Rufus just can’t figure out why I’m laughing at him….
We headed out right at 8:30, and started straight up the hill to the southwest. I had logged some waypoints into the GPS to guide us, and I would HIGHLY recommend anyone trying this route to do the same. With very little time out of the trees along the route, it is easy to lose your bearings. It was hard to locate landmarks to use the compass precisely.
The first 1,000’ (8600’-9600’) went by quickly, and the deadfall through this area was minimal. I aimed just to the south of Pt. 9957 on the ascent. It was steep, but we still made good time. In fact, we were probably headed up a bit faster than we should have because I was starting to sweat, which I obviously try to avoid in the winter. It was warm enough that I was able to wear a light fleece jacket the entire day.
Terrain example for the first 1,000’. Deadfall here wasn’t too bad.
Choose the route wisely.
Green Mountain from Pt. 9957 on the way up.
Clouds still lingering around 9,000’.
The next 1,000’ (9600’-10600) took a bit more effort. Here, the deadfall was starting to get quite a bit worse. Normally in LCW deadfall you can find animal paths to help lead through the tough areas. On Buffalo, I could not find ANY sort of animal trail. To add to the issue, the snow had begun to get a bit deeper. Although the snow level was still only a few inches, it made navigating the steps through the downed trees a bit tougher. A lot of concentration went into each step.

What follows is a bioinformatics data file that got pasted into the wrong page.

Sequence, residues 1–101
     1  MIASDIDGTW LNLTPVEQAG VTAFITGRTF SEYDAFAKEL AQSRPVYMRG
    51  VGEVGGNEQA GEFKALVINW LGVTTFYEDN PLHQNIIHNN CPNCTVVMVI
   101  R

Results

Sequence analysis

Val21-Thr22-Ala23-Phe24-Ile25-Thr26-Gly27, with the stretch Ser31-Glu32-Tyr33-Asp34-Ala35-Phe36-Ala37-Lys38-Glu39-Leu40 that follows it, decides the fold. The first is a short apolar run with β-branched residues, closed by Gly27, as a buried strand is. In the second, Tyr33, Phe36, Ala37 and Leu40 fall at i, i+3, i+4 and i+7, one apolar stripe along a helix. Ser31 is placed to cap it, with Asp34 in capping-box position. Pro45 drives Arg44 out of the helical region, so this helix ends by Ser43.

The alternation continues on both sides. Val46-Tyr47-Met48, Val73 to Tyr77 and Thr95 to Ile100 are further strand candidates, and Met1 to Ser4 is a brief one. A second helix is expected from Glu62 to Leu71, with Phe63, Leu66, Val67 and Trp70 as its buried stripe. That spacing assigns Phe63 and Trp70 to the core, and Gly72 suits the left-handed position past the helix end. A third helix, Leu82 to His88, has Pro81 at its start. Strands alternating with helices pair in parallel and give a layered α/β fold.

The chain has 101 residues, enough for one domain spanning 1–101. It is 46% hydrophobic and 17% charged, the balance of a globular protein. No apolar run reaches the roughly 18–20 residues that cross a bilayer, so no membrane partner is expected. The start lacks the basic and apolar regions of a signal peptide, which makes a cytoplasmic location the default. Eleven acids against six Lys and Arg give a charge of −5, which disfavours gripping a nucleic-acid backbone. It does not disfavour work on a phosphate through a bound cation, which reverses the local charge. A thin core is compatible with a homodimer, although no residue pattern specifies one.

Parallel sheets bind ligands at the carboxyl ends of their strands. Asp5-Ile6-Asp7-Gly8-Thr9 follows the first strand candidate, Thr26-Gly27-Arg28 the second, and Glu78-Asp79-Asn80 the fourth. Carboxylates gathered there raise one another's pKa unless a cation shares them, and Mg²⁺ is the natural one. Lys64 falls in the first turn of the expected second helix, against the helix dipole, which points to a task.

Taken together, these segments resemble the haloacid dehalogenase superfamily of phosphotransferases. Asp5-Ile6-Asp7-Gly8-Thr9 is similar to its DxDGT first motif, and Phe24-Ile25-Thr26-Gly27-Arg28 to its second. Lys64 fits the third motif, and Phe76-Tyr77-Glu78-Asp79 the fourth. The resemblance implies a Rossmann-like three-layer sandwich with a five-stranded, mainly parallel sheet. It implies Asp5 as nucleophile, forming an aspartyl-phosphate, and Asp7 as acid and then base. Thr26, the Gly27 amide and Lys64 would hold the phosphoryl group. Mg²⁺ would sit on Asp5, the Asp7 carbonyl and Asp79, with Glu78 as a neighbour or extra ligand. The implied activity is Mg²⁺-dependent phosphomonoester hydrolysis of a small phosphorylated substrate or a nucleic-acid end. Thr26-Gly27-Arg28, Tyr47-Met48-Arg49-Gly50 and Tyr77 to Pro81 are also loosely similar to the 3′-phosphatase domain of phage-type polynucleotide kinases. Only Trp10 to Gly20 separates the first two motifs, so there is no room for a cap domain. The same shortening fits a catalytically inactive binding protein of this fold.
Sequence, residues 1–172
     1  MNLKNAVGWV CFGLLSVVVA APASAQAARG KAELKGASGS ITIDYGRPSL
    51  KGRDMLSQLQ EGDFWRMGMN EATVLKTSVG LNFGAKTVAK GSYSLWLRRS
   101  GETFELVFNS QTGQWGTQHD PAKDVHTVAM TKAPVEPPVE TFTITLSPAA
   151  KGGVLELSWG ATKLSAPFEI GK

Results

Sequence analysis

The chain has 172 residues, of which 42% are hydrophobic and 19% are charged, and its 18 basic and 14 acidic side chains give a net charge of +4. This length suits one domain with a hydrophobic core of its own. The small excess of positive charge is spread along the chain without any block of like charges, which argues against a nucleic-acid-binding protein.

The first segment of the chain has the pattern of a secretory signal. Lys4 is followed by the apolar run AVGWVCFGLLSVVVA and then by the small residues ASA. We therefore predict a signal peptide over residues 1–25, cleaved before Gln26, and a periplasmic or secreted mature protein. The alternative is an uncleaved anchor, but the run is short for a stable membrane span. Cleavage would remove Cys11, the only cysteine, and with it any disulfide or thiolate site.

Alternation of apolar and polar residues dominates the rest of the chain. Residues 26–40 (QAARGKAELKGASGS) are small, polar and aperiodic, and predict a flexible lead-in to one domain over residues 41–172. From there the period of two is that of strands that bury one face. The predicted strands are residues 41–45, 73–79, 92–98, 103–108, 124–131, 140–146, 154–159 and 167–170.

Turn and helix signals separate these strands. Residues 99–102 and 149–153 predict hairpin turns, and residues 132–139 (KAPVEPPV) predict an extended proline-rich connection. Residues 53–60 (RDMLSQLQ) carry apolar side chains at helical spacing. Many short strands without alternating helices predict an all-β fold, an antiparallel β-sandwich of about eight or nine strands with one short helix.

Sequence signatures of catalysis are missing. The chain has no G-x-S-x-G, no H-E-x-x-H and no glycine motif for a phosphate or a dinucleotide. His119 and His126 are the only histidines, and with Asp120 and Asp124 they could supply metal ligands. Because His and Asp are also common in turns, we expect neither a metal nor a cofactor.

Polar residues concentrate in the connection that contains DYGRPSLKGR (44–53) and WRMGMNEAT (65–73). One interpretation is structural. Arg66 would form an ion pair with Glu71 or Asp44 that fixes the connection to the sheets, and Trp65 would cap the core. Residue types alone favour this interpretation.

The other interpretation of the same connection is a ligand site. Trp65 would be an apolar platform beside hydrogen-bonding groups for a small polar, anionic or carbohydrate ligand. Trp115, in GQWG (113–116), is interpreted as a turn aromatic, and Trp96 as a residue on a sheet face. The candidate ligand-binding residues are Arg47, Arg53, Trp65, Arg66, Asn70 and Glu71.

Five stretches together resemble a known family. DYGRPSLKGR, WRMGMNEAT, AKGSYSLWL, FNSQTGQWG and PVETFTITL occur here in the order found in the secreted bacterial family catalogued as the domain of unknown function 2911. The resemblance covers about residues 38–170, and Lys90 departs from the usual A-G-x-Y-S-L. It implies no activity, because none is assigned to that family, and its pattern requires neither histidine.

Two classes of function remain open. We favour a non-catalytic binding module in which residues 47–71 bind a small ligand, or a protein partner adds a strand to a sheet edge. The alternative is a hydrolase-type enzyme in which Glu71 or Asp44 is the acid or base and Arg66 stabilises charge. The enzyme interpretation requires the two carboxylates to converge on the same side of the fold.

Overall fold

Waiting patiently for the slow poke taking pictures.
Taking a breather on the slope.
Rufus and I took a little breather near Pt. 10778 to rehydrate. From here, there was only one more 1,000 foot section to go until the summit area, and this section was TOUGH. Snow was now up to my knees in spots and the deadfall was just as bad as ever. Rufus was content to follow my path in the snow. Up and up we went, weaving left and right trying to find the most accessible path. Finally, we popped out into the large flat area that Roach describes as the slope relenting. It was nice to finally have flat(ish) ground for the first time all day, although I must say that the non-stop steepness really made the elevation go by quickly.
Turning out to be a very nice morning weather-wise.
Snow starting to get a bit deeper.